- Kids’ bedroom – Lukas added a nice nautical touch to the kids’ room with slatted headboards and lifesavers hanging from them. Fun.
- New bedroom – Lukas took a sitting area upstairs that was open and closed it in, turning it into a bedroom. While it wasn’t a huge space, having an extra private sleeping area is always good for big families – especially in a beach house where many people come to visit.
- Master bedroom – Once again, Lukas took an all-white approach and created an amazing adult oasis. Clean and beautiful.
What worked for Jay:
- Fire pit (done by Darren) – Despite Darren needing to dash off for a family emergency, he returned in the 11th hour and he and Jay pulled together an amazing and inviting outdoor living space with a fire pit surrounded by a comfy sofa and chairs. This was immensely functional and adds huge buyer cachet if the family ever sells the home.
- Kitchen (done by Christina) – Jay took down a wall in the kitchen, which opened it beautifully into the living room. It was elegantly done with white subway tile to the ceiling, beaded cabinets and glass-front cabinet doors. All in all, a really nice space and perfect for an airy beach house.
- Jay’s guest bedroom (done by Jay) – Loved the horizontal slats behind the bed.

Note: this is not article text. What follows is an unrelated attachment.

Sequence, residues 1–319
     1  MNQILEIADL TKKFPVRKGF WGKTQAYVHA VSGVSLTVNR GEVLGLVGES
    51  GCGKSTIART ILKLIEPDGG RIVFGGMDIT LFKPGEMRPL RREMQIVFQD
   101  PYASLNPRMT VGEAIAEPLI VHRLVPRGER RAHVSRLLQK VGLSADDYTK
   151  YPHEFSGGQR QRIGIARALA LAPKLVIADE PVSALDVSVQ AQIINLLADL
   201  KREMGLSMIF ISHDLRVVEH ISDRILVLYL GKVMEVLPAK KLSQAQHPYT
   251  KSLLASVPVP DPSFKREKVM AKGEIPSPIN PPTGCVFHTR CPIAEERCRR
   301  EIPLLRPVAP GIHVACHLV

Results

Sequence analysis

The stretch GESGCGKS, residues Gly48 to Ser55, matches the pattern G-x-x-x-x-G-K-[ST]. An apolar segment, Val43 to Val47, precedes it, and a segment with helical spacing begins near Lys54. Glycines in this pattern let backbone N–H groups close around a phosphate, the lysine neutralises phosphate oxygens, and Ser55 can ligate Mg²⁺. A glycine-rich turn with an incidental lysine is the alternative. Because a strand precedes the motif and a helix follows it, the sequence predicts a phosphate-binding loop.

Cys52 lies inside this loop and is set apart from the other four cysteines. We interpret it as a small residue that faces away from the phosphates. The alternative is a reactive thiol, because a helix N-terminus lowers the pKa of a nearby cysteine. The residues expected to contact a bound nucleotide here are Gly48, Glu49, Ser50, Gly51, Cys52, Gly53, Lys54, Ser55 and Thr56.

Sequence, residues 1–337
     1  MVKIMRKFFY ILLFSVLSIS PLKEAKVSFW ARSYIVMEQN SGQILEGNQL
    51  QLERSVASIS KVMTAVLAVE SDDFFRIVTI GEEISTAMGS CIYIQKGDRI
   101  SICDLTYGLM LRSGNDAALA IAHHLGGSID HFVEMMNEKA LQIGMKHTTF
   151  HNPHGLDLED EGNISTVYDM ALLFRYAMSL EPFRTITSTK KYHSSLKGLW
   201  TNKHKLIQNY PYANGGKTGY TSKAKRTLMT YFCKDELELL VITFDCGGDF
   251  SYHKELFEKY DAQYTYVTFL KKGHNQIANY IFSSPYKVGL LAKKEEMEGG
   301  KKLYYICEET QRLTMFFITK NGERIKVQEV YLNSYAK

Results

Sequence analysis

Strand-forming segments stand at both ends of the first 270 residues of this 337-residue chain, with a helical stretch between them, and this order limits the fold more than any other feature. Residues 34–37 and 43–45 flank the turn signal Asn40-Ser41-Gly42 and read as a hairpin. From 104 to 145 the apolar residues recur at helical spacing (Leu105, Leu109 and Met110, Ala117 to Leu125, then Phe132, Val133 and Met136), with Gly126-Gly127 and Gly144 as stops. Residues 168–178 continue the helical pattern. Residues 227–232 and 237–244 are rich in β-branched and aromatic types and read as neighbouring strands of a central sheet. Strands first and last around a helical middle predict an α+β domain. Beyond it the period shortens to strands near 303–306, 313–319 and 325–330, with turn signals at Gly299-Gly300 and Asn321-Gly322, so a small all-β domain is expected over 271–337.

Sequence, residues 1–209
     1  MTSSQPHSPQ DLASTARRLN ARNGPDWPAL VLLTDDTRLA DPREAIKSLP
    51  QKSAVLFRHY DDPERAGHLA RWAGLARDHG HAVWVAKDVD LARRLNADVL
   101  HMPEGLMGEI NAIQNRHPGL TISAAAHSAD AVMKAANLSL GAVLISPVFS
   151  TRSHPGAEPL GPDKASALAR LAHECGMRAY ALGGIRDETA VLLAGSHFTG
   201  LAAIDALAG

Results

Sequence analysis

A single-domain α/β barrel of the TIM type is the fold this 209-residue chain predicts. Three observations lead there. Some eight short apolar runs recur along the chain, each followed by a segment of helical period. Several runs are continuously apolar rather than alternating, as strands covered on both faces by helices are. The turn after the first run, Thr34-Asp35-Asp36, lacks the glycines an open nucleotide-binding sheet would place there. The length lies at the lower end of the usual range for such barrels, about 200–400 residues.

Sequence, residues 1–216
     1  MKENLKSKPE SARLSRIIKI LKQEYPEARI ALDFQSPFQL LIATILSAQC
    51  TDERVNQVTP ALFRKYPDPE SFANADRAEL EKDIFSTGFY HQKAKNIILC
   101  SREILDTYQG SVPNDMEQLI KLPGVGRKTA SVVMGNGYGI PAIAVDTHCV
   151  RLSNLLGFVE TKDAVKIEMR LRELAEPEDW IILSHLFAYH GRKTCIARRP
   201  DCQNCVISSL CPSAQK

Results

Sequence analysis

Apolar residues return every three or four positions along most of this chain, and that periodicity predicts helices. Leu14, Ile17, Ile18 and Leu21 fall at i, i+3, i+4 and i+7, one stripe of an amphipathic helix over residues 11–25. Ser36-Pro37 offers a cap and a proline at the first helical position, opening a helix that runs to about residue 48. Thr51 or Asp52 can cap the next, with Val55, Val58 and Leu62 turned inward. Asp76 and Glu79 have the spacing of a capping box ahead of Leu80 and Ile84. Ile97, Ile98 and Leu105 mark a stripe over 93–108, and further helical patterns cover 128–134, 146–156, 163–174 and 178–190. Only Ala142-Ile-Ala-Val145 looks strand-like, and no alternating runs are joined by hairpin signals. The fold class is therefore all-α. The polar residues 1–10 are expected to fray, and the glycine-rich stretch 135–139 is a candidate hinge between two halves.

- Kids’ bedroom (done by Nancy) – Nancy painted the slats on the wall with alternating shades of green/gray, fading to white. It was so easy, so clever. Nancy redeemed herself with this simple design element.
- Guest bathroom – By adding river rock on the bathroom floor, it gave this space a wow factor since the rest of it was pretty standard. It added a rich, warm aesthetic for a casual beach home.
Things that didn’t work for Lukas:
- Black exterior – I love that Lukas takes risks and big swings. But seeing the black exterior in person, I didn’t like it. Black is moody. Black is heavy. Black has its place, but not on the beach in laid-back Ventura, for a multi-generational beach home. That was the biggest complaint I heard from others on the neighborhood council – the color did not fit with the neighborhood. It was a shock,and it could’ve been the deal-breaker for him.
- Kitchen – Very minimalist in design, but what I really didn’t care for was the way it was oriented with the dining room. As we all know, the kitchen is the gathering spot in most people’s homes (whether you like it or not) and Lukas didn’t showcase this space, or the spectacular views. I also have an issue with open shelving – it’s beautiful, when a few dishes are minimally and artfully placed on the shelves. But 95 percent of families can’t live this way, and there was very little hidden storage space. This could have an impact on buyers in the future.